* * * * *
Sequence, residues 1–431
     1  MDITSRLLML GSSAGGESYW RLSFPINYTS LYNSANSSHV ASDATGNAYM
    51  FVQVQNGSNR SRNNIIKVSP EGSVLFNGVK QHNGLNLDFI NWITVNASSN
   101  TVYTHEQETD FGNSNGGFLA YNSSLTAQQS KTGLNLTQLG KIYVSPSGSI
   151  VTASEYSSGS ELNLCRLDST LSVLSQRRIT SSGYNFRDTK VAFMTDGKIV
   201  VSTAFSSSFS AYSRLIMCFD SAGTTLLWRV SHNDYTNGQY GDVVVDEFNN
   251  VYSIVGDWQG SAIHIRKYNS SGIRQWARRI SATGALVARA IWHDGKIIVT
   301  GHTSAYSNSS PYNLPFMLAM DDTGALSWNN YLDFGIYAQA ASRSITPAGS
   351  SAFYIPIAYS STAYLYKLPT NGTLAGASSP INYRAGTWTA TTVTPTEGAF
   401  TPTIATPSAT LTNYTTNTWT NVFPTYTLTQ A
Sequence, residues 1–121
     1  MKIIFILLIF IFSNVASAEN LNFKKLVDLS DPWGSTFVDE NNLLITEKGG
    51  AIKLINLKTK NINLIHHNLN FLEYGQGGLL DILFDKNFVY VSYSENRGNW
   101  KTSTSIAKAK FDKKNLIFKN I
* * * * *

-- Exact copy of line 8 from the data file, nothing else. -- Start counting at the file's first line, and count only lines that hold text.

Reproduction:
   301  GHTSAYSNSS PYNLPFMLAM DDTGALSWNN YLDFGIYAQA ASRSITPAGS